Good Enough: Our Review of ‘Halloween Kills’

Posted in Movies, Theatrical by - October 14, 2022
Good Enough: Our Review of ‘Halloween Kills’

The most important part of any gift you send out there in the universe is the ribbon you tie it all up in to make it nice and neat…

While Halloween Ends is hardly perfect (it was never going to be) It manages to stay true to not only the spirit of all the films but also in paying off some of the ideas that just felt a little silly in the last installment of this franchise.

Four years after her last encounter with masked killer Michael Myers, Laurie Strode (Jamie Lee Curtis) is living with her granddaughter and trying to finish her memoir. Myers hasn’t been seen since, and Laurie finally decides to liberate herself from rage and fear and embrace life. However, when a young man stands accused of murdering a boy that he was babysitting, it ignites a cascade of violence and terror that forces Laurie to confront the evil she can’t control.

Let’s be honest with ourselves for a second, this narrative needed a little bit of separation rather then it all taking place in one fateful night and with Halloween Ends pushing us past the events of Halloween Kills (4 years past) we see a town of Haddonfield that is simmering in its pain and angst.

That’s what ultimately makes it so effective as we see Laurie being the one trying to push past the spectre that was (and still very much is Michael Myers).

Writer/Director David Gordon Green has a solid enough track record as a storyteller that the prime idea that he placed in the audiences head about the concept of evil being much more than the personage of Myers pays off in spades as we see a town and its personages in pure turmoil not knowing where to direct their anger and their fear.  It’s a nice story telling device that allows these characters and this narrative arc to have closer while still leaving the door open to pick up the mask once again.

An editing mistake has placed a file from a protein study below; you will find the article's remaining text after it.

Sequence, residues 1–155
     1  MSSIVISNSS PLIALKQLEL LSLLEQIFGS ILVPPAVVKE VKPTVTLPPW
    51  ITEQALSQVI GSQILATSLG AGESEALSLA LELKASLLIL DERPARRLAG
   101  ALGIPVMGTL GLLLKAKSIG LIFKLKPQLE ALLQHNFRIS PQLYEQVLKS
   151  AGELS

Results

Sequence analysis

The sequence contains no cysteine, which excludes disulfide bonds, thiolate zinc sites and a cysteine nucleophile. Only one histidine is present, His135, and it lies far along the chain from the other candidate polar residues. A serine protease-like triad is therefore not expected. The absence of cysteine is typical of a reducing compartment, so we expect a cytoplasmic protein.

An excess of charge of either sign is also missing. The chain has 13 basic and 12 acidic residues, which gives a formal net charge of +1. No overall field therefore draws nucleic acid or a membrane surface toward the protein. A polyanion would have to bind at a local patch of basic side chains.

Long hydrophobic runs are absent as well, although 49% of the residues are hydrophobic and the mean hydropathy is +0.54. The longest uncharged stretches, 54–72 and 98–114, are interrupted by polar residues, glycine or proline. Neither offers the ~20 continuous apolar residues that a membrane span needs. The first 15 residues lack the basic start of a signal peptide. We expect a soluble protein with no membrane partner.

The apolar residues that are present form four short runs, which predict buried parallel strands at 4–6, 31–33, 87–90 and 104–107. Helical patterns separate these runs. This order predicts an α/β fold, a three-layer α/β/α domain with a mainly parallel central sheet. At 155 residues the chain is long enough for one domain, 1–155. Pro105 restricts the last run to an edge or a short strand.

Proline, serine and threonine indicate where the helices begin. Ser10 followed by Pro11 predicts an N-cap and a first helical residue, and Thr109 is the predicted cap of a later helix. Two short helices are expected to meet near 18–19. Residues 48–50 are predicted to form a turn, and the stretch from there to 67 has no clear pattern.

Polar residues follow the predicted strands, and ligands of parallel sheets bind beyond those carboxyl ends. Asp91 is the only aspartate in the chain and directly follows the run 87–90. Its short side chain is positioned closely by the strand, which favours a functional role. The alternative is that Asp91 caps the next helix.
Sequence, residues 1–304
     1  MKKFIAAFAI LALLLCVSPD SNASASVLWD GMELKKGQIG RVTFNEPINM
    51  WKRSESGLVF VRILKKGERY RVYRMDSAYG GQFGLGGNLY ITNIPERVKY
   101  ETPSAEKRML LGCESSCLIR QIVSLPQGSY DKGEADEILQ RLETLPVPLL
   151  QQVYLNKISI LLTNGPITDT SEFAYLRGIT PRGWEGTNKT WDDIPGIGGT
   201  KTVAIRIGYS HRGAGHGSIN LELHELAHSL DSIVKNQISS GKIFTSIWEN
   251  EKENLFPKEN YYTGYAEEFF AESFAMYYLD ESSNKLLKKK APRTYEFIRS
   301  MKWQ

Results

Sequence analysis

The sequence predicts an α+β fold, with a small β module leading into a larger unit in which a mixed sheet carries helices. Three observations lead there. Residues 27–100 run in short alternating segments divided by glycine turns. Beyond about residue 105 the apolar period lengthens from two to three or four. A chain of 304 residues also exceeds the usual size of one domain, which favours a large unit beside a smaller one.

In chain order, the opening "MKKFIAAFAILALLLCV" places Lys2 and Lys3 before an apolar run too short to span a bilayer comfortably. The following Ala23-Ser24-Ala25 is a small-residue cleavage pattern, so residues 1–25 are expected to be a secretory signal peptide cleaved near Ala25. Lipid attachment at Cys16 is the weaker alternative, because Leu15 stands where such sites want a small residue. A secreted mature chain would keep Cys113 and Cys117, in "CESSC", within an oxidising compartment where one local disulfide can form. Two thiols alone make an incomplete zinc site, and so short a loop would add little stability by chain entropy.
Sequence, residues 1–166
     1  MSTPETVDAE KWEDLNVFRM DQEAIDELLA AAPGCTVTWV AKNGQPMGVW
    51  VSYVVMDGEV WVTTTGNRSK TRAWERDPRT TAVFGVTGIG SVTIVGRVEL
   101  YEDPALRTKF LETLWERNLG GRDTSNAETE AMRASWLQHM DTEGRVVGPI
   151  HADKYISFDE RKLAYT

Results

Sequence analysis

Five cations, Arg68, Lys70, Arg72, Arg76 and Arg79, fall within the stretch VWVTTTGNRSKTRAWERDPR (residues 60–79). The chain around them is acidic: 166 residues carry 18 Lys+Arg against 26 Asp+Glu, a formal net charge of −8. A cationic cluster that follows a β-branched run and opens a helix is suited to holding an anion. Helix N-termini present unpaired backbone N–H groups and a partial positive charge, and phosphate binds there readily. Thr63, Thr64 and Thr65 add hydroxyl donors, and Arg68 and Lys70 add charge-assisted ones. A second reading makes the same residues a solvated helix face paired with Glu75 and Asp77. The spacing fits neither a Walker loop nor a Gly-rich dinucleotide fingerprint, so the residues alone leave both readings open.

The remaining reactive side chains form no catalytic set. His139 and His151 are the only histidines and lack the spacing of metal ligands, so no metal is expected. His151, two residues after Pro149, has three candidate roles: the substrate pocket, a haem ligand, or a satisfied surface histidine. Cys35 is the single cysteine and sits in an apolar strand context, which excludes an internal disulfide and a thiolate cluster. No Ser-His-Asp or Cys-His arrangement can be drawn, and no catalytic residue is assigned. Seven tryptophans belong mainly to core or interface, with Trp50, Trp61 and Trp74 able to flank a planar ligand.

Green allows the town itself to become a character and as we become introduced to the players in it all, we see a genuine allegorical meaning rise up which exists in all these horror stories.

The fear of insignificance and unimportance that simmers in humanity is never more apparent than it is in America’s small towns and that’s where the idea of a ‘Michael Myers’ can stir and take on a life of its own.

This comes through in the kills and the setups for violence throughout the film because while some of it starts in a fairly muted and almost justified matter, the further on in the story we get, the crazier the kills actually become.

Jamie Lee Curtis does a stellar job as our eternal heroine Laurie who is actually trying to push past the pain of all the past events in the face of a town that she’s ultimately brought down to her level while Andi Matichak matches Jamie Lee’s energy as the granddaughter of our favourite badass who is looking for purpose in the wake of the mass angst of this entire town.  Rohan Campbell brings fresh energy to the scenario as a young man looking to pick up the mantle of hate and death from a new unexpected mentor.

Ultimately, Halloween Ends gives us enough grizzly action to put this saga of Michael Myers to bed once and for all while still giving us a stern reminder that if we’re not careful, it’s far too easy for someone to pick up that mantle of evil once more.

This post was written by
David Voigt is a Toronto based writer with a problem and a passion for the moving image and all things cinema. Having moved from production to the critical side of the aisle for well over 10 years now at outlets like Examiner.com, Criticize This, Dork Shelf (Now That Shelf), to.Night Newspaper he’s been all across his city, the country and the continent in search of all the news and reviews that are fit to print from the world of cinema.
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